Tom Scott on housing

Written By: - Date published: 11:48 am, August 28th, 2015 - 20 comments
Categories: cartoons, class war, health, housing, poverty, tenants' rights - Tags: , , ,

Tom Scott in the Dom Post (via Bryce Edwards):


20 comments on “Tom Scott on housing ”

  1. weka 1

    Who is the guy on the left?

  2. greywarshark 2

    That’s efficiency folks. Not-for-profit charities concentrate on covering costs so there is a small surplus. Government making a profit from providing necessities to needy citizens is a sort of oxymoron, out of gas.

  3. mary_a 3

    As appalling as the situation is re children becoming sick and tenants dying, as the result of deteriorating state house conditions, this cartoon is right on the button. Summed up well by Tom Scott.

    • whateva next? 3.1

      If Paula Bennet had her way they would be harvesting the mushrooms and making a business of selling them, using their kiwi ingenuity and “turning their lives around” just as she did???? Yeah right

  4. rhinocrates 4

    Still waiting for Hoots to say again that this is a lifestyle that Henry VIII would have envied.


    • lprent 4.1

      Henry VIII died at the age of 55 (ie a year younger than I am now)

      This is a pretty accurate analysis of his life over the last decade. Any takers for the life of Henry Tudor Jnr?

      Late in life, Henry became obese, with a waist measurement of 54 inches (140 cm), and had to be moved about with the help of mechanical inventions. He was covered with painful, pus-filled boils and possibly suffered from gout. His obesity and other medical problems can be traced from the jousting accident in 1536, in which he suffered a leg wound. The accident re-opened and aggravated a previous injury he had sustained years earlier, to the extent that his doctors found it difficult to treat. The wound festered for the remainder of his life and became ulcerated, thus preventing him from maintaining the level of physical activity he had previously enjoyed. The jousting accident is also believed to have caused Henry’s mood swings, which may have had a dramatic effect on his personality and temperament.[137][138]

      The theory that Henry suffered from syphilis has been dismissed by most historians.[139] A more recent theory suggests that Henry’s medical symptoms are characteristic of untreated type 2 diabetes.[138] Alternatively, his wives’ pattern of pregnancies and his mental deterioration have led some to suggest that the king may have been Kell positive and suffered from McLeod syndrome.[140] According to another study, Henry VIII’s history and body morphology may have been the result of traumatic brain injury after his 1536 jousting accident, which in turn led to a neuroendocrine cause of his obesity. This analysis identifies growth hormone deficiency (GHD) as the source for his increased adiposity but also significant behavioural changes noted in his later years, including his multiple marriages.[141]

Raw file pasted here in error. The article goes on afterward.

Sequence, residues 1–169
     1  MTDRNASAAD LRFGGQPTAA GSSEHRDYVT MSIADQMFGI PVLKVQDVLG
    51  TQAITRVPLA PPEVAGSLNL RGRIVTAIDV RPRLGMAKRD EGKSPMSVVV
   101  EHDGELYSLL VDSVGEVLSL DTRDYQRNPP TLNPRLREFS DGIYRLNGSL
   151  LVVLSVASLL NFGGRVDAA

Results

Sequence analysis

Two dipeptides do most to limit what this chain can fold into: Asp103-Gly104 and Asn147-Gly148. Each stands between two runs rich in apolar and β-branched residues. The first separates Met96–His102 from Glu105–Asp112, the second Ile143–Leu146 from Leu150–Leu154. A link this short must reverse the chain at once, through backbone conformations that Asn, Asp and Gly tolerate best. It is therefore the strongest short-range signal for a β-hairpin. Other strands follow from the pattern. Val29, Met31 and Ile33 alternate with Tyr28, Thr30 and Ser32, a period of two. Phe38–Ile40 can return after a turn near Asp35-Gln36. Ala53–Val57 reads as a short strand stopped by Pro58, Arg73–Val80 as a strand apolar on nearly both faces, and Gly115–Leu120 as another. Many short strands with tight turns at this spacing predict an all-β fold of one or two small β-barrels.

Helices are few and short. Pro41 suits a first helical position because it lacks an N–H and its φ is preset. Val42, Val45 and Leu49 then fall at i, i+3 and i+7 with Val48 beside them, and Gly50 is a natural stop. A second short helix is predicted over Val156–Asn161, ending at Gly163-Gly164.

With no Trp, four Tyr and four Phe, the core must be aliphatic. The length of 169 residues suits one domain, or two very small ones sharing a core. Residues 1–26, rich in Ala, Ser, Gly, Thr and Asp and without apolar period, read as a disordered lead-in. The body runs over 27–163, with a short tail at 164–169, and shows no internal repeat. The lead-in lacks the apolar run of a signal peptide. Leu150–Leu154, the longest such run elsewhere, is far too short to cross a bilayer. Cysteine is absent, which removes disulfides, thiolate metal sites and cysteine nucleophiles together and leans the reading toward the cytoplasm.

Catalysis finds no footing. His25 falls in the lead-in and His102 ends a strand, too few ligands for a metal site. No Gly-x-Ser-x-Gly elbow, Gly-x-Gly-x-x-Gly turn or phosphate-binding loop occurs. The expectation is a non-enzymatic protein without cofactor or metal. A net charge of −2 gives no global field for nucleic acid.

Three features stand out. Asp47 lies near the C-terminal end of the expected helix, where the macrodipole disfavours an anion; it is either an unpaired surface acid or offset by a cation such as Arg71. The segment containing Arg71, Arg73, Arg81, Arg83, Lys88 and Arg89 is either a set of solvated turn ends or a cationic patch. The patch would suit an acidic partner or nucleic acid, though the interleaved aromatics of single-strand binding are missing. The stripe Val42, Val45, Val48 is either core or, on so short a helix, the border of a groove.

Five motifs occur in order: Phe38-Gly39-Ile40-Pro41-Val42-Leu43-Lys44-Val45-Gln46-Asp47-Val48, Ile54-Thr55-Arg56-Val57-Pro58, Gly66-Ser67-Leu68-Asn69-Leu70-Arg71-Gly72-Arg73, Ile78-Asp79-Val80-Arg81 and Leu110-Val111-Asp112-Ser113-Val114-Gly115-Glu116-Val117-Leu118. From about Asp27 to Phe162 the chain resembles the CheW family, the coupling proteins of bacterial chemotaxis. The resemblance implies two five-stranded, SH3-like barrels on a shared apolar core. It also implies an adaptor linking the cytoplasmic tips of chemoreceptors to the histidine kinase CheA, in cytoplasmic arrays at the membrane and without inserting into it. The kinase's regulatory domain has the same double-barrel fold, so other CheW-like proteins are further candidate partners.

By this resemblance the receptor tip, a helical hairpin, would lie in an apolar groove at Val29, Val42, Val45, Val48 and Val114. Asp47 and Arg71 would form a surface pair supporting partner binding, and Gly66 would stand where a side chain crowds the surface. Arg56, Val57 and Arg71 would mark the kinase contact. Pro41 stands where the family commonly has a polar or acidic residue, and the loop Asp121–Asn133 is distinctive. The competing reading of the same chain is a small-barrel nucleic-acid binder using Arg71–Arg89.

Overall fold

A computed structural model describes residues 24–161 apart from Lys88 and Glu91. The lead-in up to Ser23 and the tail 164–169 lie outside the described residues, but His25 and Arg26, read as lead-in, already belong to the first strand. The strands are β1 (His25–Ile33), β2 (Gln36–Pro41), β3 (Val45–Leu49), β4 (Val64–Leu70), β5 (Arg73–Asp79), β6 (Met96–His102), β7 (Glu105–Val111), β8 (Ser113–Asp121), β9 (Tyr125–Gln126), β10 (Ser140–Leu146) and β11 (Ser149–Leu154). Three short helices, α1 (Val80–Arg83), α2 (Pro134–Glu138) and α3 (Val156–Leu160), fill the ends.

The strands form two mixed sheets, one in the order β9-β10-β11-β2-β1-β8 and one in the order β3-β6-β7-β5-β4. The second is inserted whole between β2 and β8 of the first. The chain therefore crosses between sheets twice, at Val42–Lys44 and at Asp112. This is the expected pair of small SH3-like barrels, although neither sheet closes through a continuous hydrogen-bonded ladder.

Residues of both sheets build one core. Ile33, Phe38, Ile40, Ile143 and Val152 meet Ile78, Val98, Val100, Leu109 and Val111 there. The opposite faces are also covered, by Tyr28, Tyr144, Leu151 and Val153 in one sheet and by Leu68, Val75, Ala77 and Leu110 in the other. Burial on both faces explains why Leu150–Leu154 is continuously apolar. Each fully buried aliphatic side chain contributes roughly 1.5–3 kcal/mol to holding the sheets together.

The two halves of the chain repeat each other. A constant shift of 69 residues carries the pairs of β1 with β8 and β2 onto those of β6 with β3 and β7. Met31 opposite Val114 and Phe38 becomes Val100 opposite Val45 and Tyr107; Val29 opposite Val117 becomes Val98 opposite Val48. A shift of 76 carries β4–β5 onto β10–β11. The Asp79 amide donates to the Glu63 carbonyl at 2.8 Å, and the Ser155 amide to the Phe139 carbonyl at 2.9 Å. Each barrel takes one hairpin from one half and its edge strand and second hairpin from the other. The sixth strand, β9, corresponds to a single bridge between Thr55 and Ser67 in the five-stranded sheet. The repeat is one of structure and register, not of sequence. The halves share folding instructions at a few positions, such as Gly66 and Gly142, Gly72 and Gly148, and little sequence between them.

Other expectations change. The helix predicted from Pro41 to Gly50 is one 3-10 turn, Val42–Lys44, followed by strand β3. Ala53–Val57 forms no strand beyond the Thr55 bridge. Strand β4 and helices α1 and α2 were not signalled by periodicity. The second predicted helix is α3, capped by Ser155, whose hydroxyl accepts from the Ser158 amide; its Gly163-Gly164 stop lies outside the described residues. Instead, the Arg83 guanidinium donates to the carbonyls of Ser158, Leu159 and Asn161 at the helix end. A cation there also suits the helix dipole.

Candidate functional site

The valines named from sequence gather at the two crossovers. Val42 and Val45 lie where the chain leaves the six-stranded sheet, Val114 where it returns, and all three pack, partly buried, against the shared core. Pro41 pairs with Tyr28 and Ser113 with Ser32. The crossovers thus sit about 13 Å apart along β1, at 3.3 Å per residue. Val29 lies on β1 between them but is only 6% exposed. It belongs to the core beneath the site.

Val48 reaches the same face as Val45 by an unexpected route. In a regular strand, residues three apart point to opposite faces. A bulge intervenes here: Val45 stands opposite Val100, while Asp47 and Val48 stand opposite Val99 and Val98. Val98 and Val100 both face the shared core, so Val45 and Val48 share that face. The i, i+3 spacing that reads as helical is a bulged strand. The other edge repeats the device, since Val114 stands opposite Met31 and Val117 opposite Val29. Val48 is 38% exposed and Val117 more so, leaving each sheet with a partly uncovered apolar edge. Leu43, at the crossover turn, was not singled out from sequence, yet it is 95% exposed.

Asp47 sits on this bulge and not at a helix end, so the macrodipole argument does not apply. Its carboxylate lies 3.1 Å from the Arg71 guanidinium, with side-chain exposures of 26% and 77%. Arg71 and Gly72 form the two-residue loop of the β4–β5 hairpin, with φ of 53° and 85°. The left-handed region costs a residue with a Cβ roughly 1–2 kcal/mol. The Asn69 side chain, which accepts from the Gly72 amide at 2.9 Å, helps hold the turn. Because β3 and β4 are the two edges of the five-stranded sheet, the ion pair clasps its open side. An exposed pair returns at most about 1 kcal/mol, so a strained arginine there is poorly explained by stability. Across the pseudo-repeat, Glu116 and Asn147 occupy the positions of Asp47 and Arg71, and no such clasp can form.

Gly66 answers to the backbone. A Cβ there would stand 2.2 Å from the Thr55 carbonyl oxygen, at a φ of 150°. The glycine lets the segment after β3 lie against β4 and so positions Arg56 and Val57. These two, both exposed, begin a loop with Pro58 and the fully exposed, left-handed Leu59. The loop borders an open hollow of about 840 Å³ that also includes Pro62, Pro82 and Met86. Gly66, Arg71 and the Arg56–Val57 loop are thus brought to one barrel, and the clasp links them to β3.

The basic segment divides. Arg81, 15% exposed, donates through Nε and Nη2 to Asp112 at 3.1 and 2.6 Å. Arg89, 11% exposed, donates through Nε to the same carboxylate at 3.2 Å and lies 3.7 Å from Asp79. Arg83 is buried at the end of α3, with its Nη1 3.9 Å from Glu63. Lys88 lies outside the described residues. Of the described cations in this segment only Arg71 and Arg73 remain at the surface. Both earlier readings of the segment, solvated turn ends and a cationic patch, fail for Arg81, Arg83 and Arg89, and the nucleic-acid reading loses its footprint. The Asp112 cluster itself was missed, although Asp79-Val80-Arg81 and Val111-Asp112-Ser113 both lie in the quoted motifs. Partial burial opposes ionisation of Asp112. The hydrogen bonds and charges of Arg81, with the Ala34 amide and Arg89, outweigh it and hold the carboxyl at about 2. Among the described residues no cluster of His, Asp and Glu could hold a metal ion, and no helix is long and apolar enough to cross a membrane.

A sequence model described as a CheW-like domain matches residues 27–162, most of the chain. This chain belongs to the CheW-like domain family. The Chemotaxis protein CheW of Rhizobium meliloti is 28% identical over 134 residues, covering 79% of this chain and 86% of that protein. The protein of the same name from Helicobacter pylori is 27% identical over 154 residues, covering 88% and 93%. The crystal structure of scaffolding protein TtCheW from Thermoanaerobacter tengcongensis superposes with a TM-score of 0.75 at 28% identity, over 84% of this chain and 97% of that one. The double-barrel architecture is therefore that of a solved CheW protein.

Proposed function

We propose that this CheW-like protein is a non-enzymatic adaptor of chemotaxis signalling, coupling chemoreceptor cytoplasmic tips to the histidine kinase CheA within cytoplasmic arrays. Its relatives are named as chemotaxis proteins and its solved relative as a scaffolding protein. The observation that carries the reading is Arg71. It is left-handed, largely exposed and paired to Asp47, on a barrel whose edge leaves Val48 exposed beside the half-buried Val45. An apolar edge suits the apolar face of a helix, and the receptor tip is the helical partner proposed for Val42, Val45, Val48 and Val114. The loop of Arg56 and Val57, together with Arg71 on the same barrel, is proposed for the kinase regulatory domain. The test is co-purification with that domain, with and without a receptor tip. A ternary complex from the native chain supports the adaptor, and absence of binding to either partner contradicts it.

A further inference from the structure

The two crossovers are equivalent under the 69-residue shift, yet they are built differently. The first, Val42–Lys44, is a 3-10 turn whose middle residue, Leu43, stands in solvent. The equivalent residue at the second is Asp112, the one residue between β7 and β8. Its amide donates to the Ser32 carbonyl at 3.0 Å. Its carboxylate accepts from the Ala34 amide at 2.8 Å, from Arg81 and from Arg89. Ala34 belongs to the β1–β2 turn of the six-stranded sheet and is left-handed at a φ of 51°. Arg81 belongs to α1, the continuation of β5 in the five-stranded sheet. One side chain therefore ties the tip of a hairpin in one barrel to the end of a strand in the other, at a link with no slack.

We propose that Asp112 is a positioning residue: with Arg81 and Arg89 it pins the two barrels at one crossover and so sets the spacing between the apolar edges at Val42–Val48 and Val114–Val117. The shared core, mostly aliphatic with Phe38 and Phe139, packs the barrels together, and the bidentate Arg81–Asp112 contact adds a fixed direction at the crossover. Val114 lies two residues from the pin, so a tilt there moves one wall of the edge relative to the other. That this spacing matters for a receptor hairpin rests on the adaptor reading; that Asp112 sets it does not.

• rhinocrates 4.1.1

        I don’t think that Hoots is one for accurate historical knowledge – his chosen profession being to rewrite the past and he’s likely to be one who slept through most of his lessons at school anyway.

        For those who don’t know, a while ago well-known political commentator and shitstain Matthew Hooton declared from the comfort of a nice warm studio that today’s beneficiaries have lifestyles and amenities that would be the envy of Henry VIII, by which he meant a typical Renaissance monarch. He was quite aggressive in insisting that this was so.

        Lately, since news of the horrible conditions in which Housing NZ “clients” have been enduring, deaths by pneumonia and so on have emerged, he’s been peculiarly silent on the issue.

        Maybe he’s going to say that these people are getting sick and dying in strange underwater jousting accidents?

        Maybe he’s going to continue to insist that they should be grateful for the conditions that they enjoy?

        Maybe Hosking will come along and have something to say about the glass being half full, even if the water is cold, murky and disease-ridden?

        • southof40

          “He was quite aggressive in insisting that this was so”

          From my experience whenever he’s least convinced that what he’s saying is true (or in this case relevant) he’s most aggressive and forthright. Week after week you can hear him on RadioNZ and when he starts getting in peoples face you can be reasonably sure he’s got his fingers crossed under the table.